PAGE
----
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Archive for the ‘Research’ Category

Avoid Common Pitfalls When Undertaking New Medical Research Projects

Posted by medliorator on May 3, 2010

Rushing and overloading yourself in science is common, even normal… Never. Rush. The beginning. Ever.

Taking a step back to thoroughly assess the viability of your project… might actually be the one thing that can steer you clear from failure.

2. Read critically. It always pays off to spend some time delimiting the boundaries of your project, by putting it in the context of previous data and existing literature.  Read extensively and leisurely about all aspects of your future work, technical and conceptual… Being critical with what you read will help you identify the failed approaches between the lines, so you can avoid them as we

4. Mind your “n”. The statistical power of the tests that fit your design, and the depth and extend of the differences you expect to observe, are going to determine what sample number you will need to draw meaningful conclusions …use the available preliminary data or similar studies from the literature to calculate or infer what you appropriate n might be. Then revise the backbone design of your project accordingly

10 Things You Must Do Before Starting a New Project [Bitesize Bio]

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Create Professional-Quality Flowcharts with Gliffy

Posted by medliorator on January 4, 2010

Create professional-quality flowcharts, diagrams, & technical drawings with Gliffy, the online diagram editor.  Terrific for poster presentations and manuscript figures.

Example:

Posted in Research, Tools | 1 Comment »

Search the Medical Web – ScienceRoll

Posted by medliorator on March 31, 2009

ScienceRoll

ScienceRoll Medical Search

Scienceroll Medical Search is a personalized medical metasearch engine.  The aim is to create a useful, editable metasearch engine for the entire medical community.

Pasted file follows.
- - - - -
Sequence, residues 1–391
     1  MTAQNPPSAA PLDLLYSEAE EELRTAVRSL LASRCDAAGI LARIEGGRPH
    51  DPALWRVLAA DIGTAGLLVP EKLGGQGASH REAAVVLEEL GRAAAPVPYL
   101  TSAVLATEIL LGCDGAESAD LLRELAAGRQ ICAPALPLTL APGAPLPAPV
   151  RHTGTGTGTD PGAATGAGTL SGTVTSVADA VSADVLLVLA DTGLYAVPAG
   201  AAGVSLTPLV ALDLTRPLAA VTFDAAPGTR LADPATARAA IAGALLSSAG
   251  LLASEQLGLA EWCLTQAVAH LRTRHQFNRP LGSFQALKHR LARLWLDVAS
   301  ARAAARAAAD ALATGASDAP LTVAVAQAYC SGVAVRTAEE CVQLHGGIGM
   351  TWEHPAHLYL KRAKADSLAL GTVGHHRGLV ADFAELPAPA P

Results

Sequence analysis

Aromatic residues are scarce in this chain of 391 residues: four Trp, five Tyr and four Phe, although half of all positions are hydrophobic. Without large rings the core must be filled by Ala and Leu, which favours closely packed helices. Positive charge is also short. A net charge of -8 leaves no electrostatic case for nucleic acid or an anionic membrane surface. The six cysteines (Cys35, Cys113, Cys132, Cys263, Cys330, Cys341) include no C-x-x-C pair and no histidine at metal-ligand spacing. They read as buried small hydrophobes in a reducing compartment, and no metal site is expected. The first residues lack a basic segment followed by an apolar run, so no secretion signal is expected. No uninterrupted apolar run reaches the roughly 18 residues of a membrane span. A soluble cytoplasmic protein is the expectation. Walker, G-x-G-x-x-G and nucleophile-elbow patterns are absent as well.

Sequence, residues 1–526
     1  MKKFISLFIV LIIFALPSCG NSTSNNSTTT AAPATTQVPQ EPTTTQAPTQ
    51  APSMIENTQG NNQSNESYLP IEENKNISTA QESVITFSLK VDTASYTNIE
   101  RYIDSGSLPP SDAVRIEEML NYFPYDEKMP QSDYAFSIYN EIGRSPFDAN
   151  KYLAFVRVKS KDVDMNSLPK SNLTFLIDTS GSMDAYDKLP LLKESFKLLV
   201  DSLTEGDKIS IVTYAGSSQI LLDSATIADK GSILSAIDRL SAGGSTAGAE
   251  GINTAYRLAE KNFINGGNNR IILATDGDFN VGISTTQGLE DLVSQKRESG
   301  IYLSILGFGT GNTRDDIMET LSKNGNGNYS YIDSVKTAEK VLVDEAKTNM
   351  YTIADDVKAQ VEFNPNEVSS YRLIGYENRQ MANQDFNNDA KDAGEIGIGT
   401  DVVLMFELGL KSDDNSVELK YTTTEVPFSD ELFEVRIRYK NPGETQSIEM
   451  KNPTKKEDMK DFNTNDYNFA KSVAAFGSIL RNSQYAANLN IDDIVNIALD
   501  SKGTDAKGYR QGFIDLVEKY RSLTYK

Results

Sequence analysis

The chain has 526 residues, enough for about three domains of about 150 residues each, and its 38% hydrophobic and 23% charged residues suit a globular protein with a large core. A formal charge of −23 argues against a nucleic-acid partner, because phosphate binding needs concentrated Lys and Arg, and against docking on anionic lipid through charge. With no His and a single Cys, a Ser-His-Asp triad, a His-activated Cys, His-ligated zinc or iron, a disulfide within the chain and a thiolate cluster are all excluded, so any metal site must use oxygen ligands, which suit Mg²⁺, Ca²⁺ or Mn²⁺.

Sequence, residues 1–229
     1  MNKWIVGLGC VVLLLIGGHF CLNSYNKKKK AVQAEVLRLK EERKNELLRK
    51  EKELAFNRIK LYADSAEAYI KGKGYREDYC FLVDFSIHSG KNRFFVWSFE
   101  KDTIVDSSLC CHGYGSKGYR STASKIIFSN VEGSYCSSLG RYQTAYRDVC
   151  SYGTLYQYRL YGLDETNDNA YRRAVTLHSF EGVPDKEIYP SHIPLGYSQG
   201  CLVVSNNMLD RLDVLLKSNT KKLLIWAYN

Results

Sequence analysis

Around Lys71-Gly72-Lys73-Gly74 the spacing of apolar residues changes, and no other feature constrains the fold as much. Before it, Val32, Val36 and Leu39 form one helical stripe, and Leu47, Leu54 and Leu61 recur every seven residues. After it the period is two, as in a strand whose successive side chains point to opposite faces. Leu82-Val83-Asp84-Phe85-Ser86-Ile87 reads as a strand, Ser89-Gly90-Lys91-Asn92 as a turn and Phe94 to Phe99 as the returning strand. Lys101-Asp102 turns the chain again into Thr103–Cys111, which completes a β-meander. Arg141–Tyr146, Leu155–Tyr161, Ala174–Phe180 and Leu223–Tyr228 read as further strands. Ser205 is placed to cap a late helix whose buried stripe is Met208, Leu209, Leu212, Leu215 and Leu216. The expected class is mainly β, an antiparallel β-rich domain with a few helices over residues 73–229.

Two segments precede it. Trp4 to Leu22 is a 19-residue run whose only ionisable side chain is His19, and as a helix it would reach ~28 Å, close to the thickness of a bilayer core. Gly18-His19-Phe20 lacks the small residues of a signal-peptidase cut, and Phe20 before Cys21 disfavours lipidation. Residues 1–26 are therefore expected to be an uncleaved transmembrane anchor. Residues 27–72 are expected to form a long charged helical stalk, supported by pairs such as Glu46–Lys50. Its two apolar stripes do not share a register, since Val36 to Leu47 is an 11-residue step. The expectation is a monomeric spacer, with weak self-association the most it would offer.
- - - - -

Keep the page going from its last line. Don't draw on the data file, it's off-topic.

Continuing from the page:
Posted in Research, Tools | 1 Comment »

Forum Filter: IMG Taking a Research Year Before Residency

Posted by medliorator on March 16, 2009

Derm83: I am an IMG applying to Radiology next year but I’d like to do 1-2 years or research so that I can be more competitive.

I’d like to start contacting programs for research but I’m wondering what things I should be looking at in a program:
1. A program that takes a substantial number of residents(eg 10)
2. A top tier program which might make more competitive for other programs VS a low tier program where I might have chance matching into.
3. A place where multiple adjacent programs exists (eg Texas Medical Center) so that I have more chances.
4. Research with the PD or chief.
5. IMG-friendly state vs geographically undesired state.

Do you believe 1-2 years of research will make me competitive enough to land a spot? (Non-US IMG, Step 1 99/230+, 2 months of USCE)

lapooh: I would say go for the most top-tier research gig that you can find. Research at big name academic place tends to make you attractive to the mid tier academic programs as well. How much research will help depends on much much you are able to get out in terms in publications from it. Research should definitely help for radiology, even AMGs going into Radiology tend to have atleast some research experience.You would also do well with stellar reccos from your mentors.
Other things being equal, it might be a good idea to go for a place that has multiple programs, like TMC, because you will be able to network with more people. That might help you get interviews at those places.

With added research, you should be competitive for radiology. But I am no expert myself, just know a lot of radiology-crazy people .

Research before residency [SDN]

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PubMed for Mobile Devices

Posted by medliorator on March 13, 2009

bookmark this slim PubMed interface on your mobile device for on-the-go literature searches.

Also available:

  • PICOPatient, Intervention, Comparison, Outcome search
  • askMEDLINE – free-text, natural language search